9/11 is everywhere and nowhere in Stephen Daldry’s Extremely Loud and Incredibly Close: it wants desperately to be an Important Movie about 9/11, but it can't see it as anything other than an inciting incident to an otherwise unremarkable melodrama. (This should be no surprise, coming as the film does from the director of The Reader, in which the Holocaust was used as a MacGuffin.) In Extremely Loud, 9/11 serves as a plot point, a convenient way of dispensing with little Oskar Schell’s father so that Oskar can embark on a mission to solve the mystery of a key he finds in his father’s closet, encounter a whole host of magical non-white people (!), reunite an estranged married couple (!!), and stumble upon his long-lost grandfather (!!!). As far as the film is concerned, 9/11 happened so that an elaborate set of coincidences and chance encounters could be set into motion, as a consequence of which husbands reconcile with wives and sons make peace with absent fathers.
The more I think about the film, the crueler its tricks seem. Just as Oskar obsessively replays answering-machine messages left by his father moments before the towers fell (Oskar pinches his skin over and over again while listening to them), Extremely Loud repeatedly stages the morning of September 11th like a primal scene. But it does so for no other reason than to put our emotions through the wringer. The wrenching power of these scenes isn’t any credit to the film; they’re nothing but triggers, ways of touching off our memories of that morning and of the feelings of grief and helplessness that followed in its wake. Watching this movie and sobbing is as masochistic an act as Oskar pinching himself—and if you’re resistant to its manipulation it can feel like he’s reaching through the screen and pinching you, too.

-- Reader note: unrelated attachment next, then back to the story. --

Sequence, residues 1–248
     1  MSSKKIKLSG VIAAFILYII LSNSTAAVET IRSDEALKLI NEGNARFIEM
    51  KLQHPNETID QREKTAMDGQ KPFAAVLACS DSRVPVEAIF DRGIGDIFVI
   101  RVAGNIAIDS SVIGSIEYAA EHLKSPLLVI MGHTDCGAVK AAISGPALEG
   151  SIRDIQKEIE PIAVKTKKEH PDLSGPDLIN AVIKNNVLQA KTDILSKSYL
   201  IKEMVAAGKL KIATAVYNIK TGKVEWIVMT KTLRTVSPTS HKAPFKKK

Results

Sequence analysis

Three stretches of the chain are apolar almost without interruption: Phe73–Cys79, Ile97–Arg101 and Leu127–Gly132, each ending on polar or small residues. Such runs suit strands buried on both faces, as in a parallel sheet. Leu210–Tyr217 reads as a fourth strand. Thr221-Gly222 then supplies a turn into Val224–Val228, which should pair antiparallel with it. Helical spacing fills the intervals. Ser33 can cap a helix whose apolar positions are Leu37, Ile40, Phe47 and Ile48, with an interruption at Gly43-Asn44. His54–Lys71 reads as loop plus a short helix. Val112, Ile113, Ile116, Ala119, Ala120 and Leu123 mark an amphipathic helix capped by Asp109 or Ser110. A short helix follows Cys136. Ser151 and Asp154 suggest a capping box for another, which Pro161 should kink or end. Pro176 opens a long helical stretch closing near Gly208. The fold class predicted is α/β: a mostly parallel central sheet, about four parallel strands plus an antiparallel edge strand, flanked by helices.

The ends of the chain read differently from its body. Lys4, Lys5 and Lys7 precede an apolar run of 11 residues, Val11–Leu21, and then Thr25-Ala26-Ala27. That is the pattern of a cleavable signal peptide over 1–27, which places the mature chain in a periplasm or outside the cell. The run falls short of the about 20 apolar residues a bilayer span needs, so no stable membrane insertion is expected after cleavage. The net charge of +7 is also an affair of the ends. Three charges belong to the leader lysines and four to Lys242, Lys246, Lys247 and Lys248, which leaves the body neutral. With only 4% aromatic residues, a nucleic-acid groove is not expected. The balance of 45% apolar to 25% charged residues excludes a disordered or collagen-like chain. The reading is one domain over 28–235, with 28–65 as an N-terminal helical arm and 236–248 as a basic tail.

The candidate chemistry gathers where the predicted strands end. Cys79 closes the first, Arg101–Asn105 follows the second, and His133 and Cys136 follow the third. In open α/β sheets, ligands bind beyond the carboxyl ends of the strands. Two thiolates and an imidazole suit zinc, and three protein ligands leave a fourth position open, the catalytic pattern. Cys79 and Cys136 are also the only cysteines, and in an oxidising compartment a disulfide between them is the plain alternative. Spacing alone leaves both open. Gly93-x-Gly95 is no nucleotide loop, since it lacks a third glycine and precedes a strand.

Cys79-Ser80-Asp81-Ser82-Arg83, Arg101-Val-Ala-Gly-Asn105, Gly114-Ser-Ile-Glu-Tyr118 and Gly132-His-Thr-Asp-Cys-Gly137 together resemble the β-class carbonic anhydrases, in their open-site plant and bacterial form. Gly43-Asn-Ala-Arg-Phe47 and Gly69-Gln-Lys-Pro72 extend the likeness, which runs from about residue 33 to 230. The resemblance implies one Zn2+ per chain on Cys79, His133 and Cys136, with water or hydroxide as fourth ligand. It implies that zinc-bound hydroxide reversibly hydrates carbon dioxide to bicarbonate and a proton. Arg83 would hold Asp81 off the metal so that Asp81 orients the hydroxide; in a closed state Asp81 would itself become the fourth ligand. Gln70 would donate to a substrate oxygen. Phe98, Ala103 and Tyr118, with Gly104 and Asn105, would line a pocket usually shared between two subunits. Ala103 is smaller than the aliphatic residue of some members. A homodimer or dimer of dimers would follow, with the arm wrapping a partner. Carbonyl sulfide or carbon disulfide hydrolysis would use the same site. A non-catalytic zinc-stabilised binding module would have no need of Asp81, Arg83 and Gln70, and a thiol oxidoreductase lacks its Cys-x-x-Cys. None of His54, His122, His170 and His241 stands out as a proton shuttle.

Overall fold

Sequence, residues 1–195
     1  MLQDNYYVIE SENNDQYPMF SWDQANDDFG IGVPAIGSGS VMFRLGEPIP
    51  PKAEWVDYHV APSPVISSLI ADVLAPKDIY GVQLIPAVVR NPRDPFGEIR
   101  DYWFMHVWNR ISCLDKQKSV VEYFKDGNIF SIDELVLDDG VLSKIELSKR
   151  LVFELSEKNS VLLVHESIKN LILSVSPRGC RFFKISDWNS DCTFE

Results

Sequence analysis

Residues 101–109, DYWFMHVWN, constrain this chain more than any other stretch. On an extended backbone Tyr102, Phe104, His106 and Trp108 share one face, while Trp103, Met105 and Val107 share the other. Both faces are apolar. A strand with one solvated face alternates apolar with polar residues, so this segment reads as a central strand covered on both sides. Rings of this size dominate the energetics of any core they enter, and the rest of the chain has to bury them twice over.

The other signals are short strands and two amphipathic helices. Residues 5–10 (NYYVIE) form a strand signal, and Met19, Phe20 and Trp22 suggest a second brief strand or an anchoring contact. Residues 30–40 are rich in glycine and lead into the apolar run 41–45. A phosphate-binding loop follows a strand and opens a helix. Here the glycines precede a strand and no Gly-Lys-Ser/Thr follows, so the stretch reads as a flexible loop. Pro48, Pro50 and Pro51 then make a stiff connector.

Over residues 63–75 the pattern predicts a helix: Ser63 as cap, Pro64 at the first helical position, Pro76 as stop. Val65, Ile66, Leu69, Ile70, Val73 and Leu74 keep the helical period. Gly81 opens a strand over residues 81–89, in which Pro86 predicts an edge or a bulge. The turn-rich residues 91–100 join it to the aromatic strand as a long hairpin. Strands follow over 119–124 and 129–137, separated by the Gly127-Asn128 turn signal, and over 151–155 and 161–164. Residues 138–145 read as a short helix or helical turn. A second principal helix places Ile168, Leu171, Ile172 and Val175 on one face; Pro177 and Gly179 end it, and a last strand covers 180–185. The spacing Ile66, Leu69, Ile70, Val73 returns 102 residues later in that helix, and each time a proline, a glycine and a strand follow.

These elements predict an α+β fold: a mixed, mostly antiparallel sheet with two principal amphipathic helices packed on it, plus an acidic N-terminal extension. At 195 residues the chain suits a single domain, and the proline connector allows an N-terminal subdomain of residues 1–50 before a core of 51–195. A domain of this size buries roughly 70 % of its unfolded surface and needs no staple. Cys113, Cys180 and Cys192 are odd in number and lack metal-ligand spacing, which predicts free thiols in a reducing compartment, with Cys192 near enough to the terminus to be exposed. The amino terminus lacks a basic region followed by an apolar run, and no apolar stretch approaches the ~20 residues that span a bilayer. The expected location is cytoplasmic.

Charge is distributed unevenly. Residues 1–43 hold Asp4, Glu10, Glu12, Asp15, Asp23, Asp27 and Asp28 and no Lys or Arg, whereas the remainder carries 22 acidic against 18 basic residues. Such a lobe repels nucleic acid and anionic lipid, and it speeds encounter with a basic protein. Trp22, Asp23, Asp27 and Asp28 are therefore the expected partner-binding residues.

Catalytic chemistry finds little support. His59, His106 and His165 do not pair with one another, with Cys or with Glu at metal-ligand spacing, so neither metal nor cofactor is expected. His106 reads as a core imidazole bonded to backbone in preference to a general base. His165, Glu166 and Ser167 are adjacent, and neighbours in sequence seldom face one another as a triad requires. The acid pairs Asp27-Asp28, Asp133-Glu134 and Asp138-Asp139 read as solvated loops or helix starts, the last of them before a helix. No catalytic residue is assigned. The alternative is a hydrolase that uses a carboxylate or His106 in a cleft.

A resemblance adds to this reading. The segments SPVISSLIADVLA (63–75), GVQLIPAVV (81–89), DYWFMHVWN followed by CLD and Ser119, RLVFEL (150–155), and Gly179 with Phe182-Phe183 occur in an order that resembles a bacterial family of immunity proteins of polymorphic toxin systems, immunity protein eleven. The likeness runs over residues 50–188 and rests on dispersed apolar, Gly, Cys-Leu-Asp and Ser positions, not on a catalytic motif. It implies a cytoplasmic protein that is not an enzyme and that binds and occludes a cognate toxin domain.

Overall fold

Such are the film’s ambitions that it’s not even content to deliver standard-grade scenes of suffering. It also has to stylize its victims in such a way that they become aestheticized, cool. Oskar works through his grief in the quirkiest, most ingeniously devised ways (watching him process it in more familiar ways just wouldn’t be edgy enough). His sensitivities more subtly honed than those of ordinary kids, the hyper-intelligent Oskar processes trauma fashionably, as when he makes an elaborate hand-bound scrapbook of his cross-town adventures that looks like it was designed by the editors of McSweeney’s, or by one of Wes Anderson’s wunderkinder. (With his fashionably off-beat tastes, social awkwardness, emotional volatility, condescending attitude, encyclopedic knowledge of obscure things, and fetish for trendy-nerdy stuff like old maps and vintage cameras, Oskar is practically a hipster in training.) Extremely Loud and Incredibly Close can’t even stop at plain old sentimentality in its rendering of the fallout from 9/11—it has to make it precious, too.